844243239aa58210VgnVCM100000e56411acRCRDapproved/thenational/Articles/Migration/2009-Q4Agassi: I took drugs and then lied744243239aa58210VgnVCM100000e56411ac____Agassi: I took drugs and then liedAndre Agassi's new autobiography features the eight-time grand slam winner's shock confession that he lied to tennis authorities after failing a drugs test in 1997.<p>Andre Agassi's new autobiography features the eight-time grand slam winner's shock confession that he lied to tennis authorities after failing a drugs test in 1997 - the same year a wrist injury dropped his world ranking to a career-worst 141.
In the forthcoming book, entitled Open, Agassi, a former world No 1 who retired from tennis in 2006, reveals he willingly used recreational drug crystal methamphetamine after it was offered to him by his then assistant "Slim", a known addict.</p>
<p>"Slim dumps a small pile of powder on the coffee table," writes Agassi in Open.
"He cuts it, snorts it. He cuts it again. I snort some.
"I consider the Rubicon I've just crossed [and] ... there is a moment of regret, followed by vast sadness. Then comes a tidal wave of euphoria that sweeps away every negative thought in my head. I've never felt so alive, so hopeful and I've never felt such energy," adds Agassi, one of only six men to complete tennis's coveted career Grand Slam.</p>
<p>Agassi's autobiography also reveals that when an ATP doctor telephoned him to inform him he had failed a "Class 2" drugs test, the fear of a long-term suspension led to the American writing a letter to the sport's governing body in which he lied about the circumstances of his usage.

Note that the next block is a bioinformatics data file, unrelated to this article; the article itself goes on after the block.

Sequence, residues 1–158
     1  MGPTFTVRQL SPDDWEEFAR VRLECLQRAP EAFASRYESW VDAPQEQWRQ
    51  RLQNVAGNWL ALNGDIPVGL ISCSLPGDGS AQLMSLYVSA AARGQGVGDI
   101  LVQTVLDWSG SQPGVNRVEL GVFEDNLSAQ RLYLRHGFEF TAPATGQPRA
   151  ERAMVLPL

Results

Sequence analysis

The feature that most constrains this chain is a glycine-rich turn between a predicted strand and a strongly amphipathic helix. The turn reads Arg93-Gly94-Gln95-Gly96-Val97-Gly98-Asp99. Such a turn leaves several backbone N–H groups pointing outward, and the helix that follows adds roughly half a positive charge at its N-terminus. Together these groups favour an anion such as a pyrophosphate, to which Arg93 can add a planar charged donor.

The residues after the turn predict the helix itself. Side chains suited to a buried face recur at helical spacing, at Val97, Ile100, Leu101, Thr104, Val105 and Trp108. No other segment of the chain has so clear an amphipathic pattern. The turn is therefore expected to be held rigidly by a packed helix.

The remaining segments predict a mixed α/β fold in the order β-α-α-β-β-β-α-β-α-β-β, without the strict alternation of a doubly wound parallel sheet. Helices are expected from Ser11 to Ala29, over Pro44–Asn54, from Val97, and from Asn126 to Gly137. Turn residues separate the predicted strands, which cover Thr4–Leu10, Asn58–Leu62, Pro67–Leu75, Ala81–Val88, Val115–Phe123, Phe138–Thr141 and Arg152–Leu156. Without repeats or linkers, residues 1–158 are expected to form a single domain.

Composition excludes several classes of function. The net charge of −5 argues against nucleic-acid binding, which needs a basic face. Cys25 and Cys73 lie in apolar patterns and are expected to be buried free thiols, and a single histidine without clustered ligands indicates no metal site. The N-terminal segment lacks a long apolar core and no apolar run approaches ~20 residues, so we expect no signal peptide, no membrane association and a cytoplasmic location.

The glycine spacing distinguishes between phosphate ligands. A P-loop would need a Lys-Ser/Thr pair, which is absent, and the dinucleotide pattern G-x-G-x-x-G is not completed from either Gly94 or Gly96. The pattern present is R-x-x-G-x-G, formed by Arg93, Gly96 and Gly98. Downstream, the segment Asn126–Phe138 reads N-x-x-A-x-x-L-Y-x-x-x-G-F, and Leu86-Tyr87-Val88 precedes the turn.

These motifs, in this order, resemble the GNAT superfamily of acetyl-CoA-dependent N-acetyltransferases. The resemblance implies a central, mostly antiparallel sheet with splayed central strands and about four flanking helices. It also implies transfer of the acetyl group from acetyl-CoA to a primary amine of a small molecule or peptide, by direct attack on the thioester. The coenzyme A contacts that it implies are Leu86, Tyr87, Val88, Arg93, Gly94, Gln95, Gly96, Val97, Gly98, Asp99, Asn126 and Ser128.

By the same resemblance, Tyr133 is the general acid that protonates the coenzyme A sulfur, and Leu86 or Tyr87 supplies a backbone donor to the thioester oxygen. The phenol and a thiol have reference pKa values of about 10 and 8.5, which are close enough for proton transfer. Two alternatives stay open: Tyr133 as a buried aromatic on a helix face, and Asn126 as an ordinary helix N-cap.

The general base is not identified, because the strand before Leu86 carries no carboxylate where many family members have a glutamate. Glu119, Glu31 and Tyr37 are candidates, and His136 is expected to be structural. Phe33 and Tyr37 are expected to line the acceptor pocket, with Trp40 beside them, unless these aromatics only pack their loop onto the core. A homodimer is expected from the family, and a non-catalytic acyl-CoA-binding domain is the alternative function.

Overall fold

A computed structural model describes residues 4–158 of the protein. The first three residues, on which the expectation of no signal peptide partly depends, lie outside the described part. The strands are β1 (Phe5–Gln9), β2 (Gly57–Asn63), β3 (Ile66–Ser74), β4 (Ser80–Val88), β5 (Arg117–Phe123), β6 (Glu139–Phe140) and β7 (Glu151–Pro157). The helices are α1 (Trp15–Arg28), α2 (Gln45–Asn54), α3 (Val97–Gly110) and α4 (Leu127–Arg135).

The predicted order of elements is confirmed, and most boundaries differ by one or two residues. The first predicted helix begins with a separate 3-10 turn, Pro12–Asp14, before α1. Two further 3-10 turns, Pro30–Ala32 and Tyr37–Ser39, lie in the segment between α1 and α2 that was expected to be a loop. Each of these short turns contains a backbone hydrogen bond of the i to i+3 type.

"My name, my career, everything is now on the line," writes Agassi. "Whatever I've achieved, whatever I've worked for, might soon mean nothing. Days later I sit in a hard-backed chair, a legal pad in my lap, and write a letter [to the ATP]. It's filled with lies interwoven with bits of truth.</p>
<p>"I say that recently I drank accidentally from one of Slim's spiked sodas, unwittingly ingesting his drugs. I ask for understanding and leniency and hastily sign it: Sincerely," he adds.
Agassi's explanation saw him cleared by the ATP, and he subsequently went on to resuscitate his playing career the following season. Having started 1998 ranked 122 in the world, Agassi's return to form catapulted him up to sixth by year end - the biggest 12-month jump into the top 10 in the history of professional rankings.</p>
<p>Victories in the French Open and US Open in 1999 cemented his recovery and established Agassi as world No 1, and he also claimed three Australian Open titles between 2000 and 2003.
While Agassi's belated confession will inevitably harm the reputation of one of the game's most popular players, the American, however, is unconcerned.
"I had to learn a lot about myself through the [autobiography] process. I was worried for a moment, but not for long," said Agassi at an exhibition tournament in Macau last week.</p>
<p>"I wore my heart on my sleeve and my emotions were always written on my face. I was actually excited about telling the world the whole story," he added.
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